If you’ve ever had trouble sleeping, you’ll know that the quality of your sleep impacts every aspect of your life, not least your health. If you’re trying to overcome chronic illness, good sleep is crucial. Here are five free things you can do to naturally improve the quality of your sleep so that you can wake up feeling refreshed, energised and ready for the day ahead!
1. Start Your Day with Sunshine
The first step to a good night is to start with a good morning. When light enters your eyes and hits your skin, your brain perceives that it is daytime. As a result, your body starts to produce serotonin, a “feel-good” hormone that helps you feel energised for the day ahead. At the end of the day, serotonin gets converted into melatonin, a different hormone which you need for a good night’s sleep. So, make sure you get your serotonin production started each morning with some natural sunlight (or if you’re up before the sun, get outside and grab some when it arrives)!
2. End Your Day with Darkness
In order to produce melatonin — that all-important sleep hormone — you need darkness. Nature provides this for us when the sun goes down, but thanks to modern technology our days don’t stop when the sun suggests they should. We’ve made it all too easy to ignore nature’s rhythms and simply switch the lights on. Even worse, the LED lights in your computer screen, smart phone, tablet and TV that you probably continue to stare at after sunset produce light that is mostly in the blue spectrum. This is a problem for your sleep quality because blue light is particularly detrimental to melatonin production. The solution: reduce your exposure to artificial lighting as much as possible after sunset and avoid screens for at least two hours before you want to sleep. If you’re not ready to spend your evenings reading by candle-light, you can “hack” your lighting by making it red. Red light is far less detrimental to your melatonin production compared to blue light, so investing in a red night light or some blue-blocking glasses could be helpful. Also, some screen-based devices can be adjusted in the ‘settings’ menu to reduce the amount of blue light they emit, or you can use apps such as f.lux and Iris for further customisation.
3. Avoid Stimulants
Are you one of the countless people who start their day with a cup of coffee? Whether you drink coffee for enjoyment or you use it to keep awake and alert during the day, there’s a good chance it’s damaging your sleep, regardless of the time of day you drink it. Unless you have an unusually fast metabolism, it will take your body more than 24 hours to completely metabolise a hit of caffeine. So, even though you might not feel the same “buzz” after a few hours, that cup of coffee you had in the morning will still be influencing your physiology when you want to go to sleep. And, if you’re having caffeine daily, there’ll most likely be some caffeine left in your system from the previous day, so it gradually accumulates over time. Energy drinks create the same problem – in fact, they often have an even stronger effect than coffee. So if you’re struggling to get some shut-eye and you value your sleep, it’s best to lay off the caffeine and other stimulants.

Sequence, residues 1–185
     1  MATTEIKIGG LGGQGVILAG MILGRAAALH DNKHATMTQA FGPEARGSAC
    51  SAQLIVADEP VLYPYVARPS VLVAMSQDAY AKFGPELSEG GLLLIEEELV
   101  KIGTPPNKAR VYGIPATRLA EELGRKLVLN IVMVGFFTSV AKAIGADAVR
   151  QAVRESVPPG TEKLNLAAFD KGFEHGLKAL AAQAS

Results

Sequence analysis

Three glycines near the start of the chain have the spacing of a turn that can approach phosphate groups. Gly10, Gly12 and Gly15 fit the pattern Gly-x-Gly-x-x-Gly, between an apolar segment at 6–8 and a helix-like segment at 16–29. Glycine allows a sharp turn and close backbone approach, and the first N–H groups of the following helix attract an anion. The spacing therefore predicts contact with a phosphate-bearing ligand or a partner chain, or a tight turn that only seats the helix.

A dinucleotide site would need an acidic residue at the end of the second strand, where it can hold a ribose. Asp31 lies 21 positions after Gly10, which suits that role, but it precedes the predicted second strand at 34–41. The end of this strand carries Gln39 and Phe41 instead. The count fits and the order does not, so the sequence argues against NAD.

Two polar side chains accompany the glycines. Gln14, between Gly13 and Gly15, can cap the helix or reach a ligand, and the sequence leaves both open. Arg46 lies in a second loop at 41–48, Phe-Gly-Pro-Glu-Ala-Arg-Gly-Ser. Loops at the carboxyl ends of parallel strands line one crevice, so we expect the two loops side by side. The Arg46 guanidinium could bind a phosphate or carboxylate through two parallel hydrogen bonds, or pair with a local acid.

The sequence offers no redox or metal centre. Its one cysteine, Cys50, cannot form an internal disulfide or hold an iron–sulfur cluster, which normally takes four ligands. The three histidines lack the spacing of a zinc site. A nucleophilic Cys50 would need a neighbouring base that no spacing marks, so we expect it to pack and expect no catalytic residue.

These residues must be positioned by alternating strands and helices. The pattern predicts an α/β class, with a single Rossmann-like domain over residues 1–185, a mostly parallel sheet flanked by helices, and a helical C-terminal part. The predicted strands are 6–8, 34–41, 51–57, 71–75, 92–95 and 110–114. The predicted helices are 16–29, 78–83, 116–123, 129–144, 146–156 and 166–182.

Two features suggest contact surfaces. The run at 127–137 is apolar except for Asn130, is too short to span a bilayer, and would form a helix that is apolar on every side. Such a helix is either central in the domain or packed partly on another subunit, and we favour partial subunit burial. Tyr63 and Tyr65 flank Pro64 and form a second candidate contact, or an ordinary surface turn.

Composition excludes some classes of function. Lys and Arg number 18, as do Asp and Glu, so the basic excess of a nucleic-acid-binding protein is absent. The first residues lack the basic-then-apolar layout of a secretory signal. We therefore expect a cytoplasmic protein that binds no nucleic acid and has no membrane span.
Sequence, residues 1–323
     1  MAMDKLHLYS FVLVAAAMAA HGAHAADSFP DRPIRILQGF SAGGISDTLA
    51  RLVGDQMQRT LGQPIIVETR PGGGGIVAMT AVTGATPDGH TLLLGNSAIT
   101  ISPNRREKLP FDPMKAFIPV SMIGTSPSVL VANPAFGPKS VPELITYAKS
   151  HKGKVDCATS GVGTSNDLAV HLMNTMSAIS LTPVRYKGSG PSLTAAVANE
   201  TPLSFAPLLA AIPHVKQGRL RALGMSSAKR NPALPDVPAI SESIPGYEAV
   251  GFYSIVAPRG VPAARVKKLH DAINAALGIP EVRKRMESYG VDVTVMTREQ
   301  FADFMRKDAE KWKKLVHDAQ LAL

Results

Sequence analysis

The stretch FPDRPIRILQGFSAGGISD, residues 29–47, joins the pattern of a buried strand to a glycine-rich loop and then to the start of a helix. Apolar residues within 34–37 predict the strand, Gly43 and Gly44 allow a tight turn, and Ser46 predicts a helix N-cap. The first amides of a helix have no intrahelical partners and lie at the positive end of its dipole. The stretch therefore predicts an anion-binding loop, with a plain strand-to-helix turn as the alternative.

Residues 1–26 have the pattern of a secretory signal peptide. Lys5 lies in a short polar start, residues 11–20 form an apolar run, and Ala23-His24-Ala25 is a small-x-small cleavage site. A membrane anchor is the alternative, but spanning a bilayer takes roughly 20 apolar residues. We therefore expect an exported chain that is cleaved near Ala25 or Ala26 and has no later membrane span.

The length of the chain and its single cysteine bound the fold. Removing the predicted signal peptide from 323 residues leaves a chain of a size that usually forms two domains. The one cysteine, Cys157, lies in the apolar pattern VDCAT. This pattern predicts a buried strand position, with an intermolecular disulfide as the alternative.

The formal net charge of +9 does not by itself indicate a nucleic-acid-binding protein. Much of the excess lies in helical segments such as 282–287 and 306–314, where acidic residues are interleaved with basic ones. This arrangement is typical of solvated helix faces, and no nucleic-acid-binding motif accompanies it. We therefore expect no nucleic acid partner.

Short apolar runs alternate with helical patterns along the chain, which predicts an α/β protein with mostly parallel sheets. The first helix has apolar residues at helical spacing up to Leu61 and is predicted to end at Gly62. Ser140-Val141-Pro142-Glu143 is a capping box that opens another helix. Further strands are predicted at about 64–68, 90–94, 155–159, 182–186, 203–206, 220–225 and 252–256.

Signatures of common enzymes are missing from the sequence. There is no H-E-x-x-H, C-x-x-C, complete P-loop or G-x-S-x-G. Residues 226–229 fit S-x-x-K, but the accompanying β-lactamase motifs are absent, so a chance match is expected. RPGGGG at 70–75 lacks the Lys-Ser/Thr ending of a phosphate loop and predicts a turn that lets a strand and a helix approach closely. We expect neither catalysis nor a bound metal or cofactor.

4. Minimise Exposure to Non-Native Electromagnetic Frequencies (nnEMFs)
Non-Native EMFs are essentially the electromagnetic radiation that is produced by all of our electronic devices. Many people report that their sleep improves when they take steps to reduce their EMF exposure, especially during the night. There are many ways to do this – some requiring more effort than others – but here are a few simple steps to get you started. Switch off your wi-fi router at night. A timer on the powerpoint can make this easier — just set and forget. Switch your phone to aeroplane mode, especially if you keep it in your bedroom during the night. Switch off powerpoints that aren’t in use. For a thorough assessment of the nnEMFs present in your environment, you may wish to consult a building biologist.
5. Parasympathetic (Relaxation) Breathing
If you’re having trouble sleeping, there’s a good chance your body-mind is “stuck” in a state of stress. Have you noticed that your breathing pattern differs when you’re relaxed versus when you’re stressed? This is because your stress response and your breathing are both regulated by your autonomic nervous system (ANS). There are two divisions to your ANS — sympathetic and parasympathetic. The sympathetic division up-regulates physiological processes associated with stress. In contrast, the parasympathetic division up-regulates physiological processes associated with rest, relaxation and healing. Why is this important? Well, breathing in is under sympathetic control and breathing out is under parasympathetic control. So, you can increase parasympathetic activity (which is what you want at night in order to sleep) by increasing the amount of time you spend exhaling relative to the time you spend inhaling (i.e. breathe in quickly and out slowly). For example, breathe in for 3 seconds, then out for 6 seconds. Doing this for a few minutes before bed each night can help create calm and relaxation in your body-mind and set you up for a good night’s sleep. (Be sure to take it easy to start with, find a relaxed rhythm that works for you, and don’t continue if you start to feel dizzy or light-headed.)
Remember that improving your health is all about habits, so if you don’t notice any difference immediately, don’t lose heart. Keep persisting with your new healthy habits and you’ll soon be enjoying the rewards!